One of the scoops of the film is its depiction of her love as unstinted, devouringly carnal, as pure sexual abandon that she experiences for the first time and refuses to relinquish. Her pain at Jan's departure is heartrending, and her physical reaction—hammering away at the machinery the roustabouts use every day—strikes home psychologically. When he asks her to abandon herself to other men there is no doubt that he does so in order to help a woman who seems doomed to lose her sensuality just as she discovers it, but his request develops into an obsession, revealing a demonic side to Jan, who also achieves some kind of perverted satisfaction through it.

Bess may be regarded as a simple fool, a forerunner to the people who act the idiots in Trier's next film, The Idiots, in their attempts to arrive at some kind of authenticity, a notion with its base in romanticism. Or she may be regarded as a parallel to the Greek chorus of Down's Syndrome dishwashers in Riget, or a successor to Mrs. Drusse, with her second sight the antithesis of the studied rationality of the medical world. Almost everywhere in Trier's films rationality and irrationality are contrasted, revealing areas where the common sense of civilization fails, such as in the face of the hypnosis used in the Europa trilogy to break down barriers and arrive at memory's traumatic spots, where (self) control is switched off. At the same time Bess may be regarded as a saviour, a redeemer, whose self-sacrifice redeems Jan from a hopeless life chained to the bed and oxygen mask. Not only does she submit quite literally to people (men) and their sexual desires; she also embarks on a voyage across the Styx to the dangerous vessel where her fateful death awaits her. When she returns against all expectations, and is excommunicated by her church, she is stoned by a group of children who pursue her relentlessly on her Via Dolorosa—the path to the church that has rejected her and knows not the mercy that is otherwise part of the Kingdom of Heaven.

With provocation typical of Trier, female sexual submission is thus merged with the cruel rejection by the church of she who is pure of heart. The results were only to be expected. In Denmark the film aroused opposition and argument like no other film in recent times. Priests and women in particular felt it incumbent on them to refute its perception of religion and its image of women. In this post-feminist age Bess may be seen as an anachronism, but Emily Watson defends her, acting with a vulnerability moving and convincing in every detail as regards the pain of her loss, the sincerity of her love, the pureness of her heart. Trier has created a female figure worthy of his great compatriot Carl Theodor Dreyer, a mixture of Dreyer's Joan of Arc, who goes to the stake for her faith; Gertrud, who desires utter devotion and not the adoration of luke-warm men; and Anna from Day of Wrath, who would rather die as a witch than live with a man who renounces love to save his life.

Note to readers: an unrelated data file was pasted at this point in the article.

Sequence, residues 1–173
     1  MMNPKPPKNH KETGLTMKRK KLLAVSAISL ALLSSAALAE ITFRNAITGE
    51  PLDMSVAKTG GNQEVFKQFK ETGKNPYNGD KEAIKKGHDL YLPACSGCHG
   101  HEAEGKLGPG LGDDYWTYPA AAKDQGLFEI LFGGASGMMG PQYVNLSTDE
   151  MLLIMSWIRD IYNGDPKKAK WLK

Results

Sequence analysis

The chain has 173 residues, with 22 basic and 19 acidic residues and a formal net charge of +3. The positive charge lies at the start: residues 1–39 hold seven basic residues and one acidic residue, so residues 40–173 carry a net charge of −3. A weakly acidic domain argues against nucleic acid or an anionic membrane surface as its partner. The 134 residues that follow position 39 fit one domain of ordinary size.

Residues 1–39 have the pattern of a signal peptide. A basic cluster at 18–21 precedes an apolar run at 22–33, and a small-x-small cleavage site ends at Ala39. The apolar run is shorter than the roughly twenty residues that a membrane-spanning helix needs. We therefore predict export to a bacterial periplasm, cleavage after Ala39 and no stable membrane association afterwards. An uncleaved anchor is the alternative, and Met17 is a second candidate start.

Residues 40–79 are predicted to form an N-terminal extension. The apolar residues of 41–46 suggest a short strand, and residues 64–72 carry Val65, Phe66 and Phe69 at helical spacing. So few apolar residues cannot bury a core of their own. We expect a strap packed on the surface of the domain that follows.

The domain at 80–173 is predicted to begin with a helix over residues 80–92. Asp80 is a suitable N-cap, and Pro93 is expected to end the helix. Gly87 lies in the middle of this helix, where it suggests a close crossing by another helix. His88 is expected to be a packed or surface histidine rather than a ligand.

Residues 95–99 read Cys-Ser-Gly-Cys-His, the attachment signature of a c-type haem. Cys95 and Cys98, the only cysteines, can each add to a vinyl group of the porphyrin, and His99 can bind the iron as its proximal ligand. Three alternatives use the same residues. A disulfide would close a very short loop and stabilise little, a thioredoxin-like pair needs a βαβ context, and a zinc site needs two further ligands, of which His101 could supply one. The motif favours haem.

Trier emphasizes the stylization of this romantic melodrama by the use of chapter divisions in which pictures of landscapes are visually manipulated to convey the way the romantics perceived nature. The chapter titles range from the specific "Bess gets married" and "Life with Jan" to abstracts such as "Doubt," "Faith," and "Bess' Sacrifice," thus underlining the increasingly religious, allegorical character of the tale. At the same time the melodrama is acted out in the style he invented for what he called his pot-boiler, the genre-ironic television series, The Kingdom. The irony may be absent from Breaking the Waves, but Trier still uses the hand-held camera and monochrome sepia tints that in the cinema in CinemaScope made people sea-sick. The mobile camera gives us shots of the town and landscape that are clear-cut and real in almost documentary fashion, going ultra-close-up to the characters, pursuing them into the most painful nooks and crannies of the mind, and rendering them visible. Just as Bess transgresses the conventions of her community, the director transgresses those of film narrative by tossing continuity in the normal sense to the winds, along with the classical rules for angles and edits. Instead of continuity he goes for an emotional intensity that sucks the viewer into this small-minded world of pig-headed men who only understand love and ultimate sacrifice in terms of the Bible, not of real life. And when the bells finally ring out in the sky we feel the breath of Tarkovsky and his sense of visualized metaphysics, just as the miracle from Ordet by Carl Theodor Dreyer is an obvious source of inspiration.

—Dan Nissen